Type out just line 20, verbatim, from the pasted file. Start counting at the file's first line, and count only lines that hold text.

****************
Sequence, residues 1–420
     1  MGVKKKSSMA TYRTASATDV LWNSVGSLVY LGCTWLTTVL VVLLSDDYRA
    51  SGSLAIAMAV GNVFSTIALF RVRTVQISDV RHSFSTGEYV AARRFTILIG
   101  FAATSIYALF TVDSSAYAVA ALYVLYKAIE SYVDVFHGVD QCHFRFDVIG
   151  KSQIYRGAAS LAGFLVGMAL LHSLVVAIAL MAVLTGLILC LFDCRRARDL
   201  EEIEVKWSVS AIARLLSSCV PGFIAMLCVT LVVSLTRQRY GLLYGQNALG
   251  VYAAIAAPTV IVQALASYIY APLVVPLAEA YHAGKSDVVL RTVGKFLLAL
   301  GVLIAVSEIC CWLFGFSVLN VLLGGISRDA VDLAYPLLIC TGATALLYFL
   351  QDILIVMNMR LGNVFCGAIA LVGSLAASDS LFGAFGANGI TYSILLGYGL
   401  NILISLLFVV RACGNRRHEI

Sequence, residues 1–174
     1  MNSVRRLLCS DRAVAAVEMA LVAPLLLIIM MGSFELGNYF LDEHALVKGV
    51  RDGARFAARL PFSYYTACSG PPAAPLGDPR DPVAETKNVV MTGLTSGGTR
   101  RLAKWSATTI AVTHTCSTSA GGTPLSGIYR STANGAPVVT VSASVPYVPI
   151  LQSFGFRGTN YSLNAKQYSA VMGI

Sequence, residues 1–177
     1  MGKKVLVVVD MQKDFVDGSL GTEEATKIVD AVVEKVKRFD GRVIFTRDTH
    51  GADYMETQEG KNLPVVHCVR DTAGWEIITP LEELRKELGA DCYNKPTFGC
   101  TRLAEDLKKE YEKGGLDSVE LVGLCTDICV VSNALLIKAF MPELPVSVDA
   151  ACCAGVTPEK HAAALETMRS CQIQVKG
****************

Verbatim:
   151  ACCAGVTPEK HAAALETMRS CQIQVKG